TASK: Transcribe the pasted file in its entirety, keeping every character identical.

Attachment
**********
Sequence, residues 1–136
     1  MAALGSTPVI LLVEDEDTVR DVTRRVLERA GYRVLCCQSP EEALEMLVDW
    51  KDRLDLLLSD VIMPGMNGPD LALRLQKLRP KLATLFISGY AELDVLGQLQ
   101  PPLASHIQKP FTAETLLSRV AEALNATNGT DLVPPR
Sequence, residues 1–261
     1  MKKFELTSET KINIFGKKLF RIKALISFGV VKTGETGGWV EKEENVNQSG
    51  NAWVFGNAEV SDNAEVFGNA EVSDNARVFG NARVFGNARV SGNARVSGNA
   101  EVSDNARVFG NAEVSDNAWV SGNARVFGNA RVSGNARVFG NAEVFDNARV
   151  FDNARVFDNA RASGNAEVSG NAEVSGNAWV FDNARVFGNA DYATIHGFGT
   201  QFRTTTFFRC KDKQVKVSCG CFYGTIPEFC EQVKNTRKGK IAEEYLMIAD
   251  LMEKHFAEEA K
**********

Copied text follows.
Sequence, residues 1–136
     1  MAALGSTPVI LLVEDEDTVR DVTRRVLERA GYRVLCCQSP EEALEMLVDW
    51  KDRLDLLLSD VIMPGMNGPD LALRLQKLRP KLATLFISGY AELDVLGQLQ
   101  PPLASHIQKP FTAETLLSRV AEALNATNGT DLVPPR
Sequence, residues 1–261
     1  MKKFELTSET KINIFGKKLF RIKALISFGV VKTGETGGWV EKEENVNQSG
    51  NAWVFGNAEV SDNAEVFGNA EVSDNARVFG NARVFGNARV SGNARVSGNA
   101  EVSDNARVFG NAEVSDNAWV SGNARVFGNA RVSGNARVFG NAEVFDNARV
   151  FDNARVFDNA RASGNAEVSG NAEVSGNAWV FDNARVFGNA DYATIHGFGT
   201  QFRTTTFFRC KDKQVKVSCG CFYGTIPEFC EQVKNTRKGK IAEEYLMIAD
   251  LMEKHFAEEA K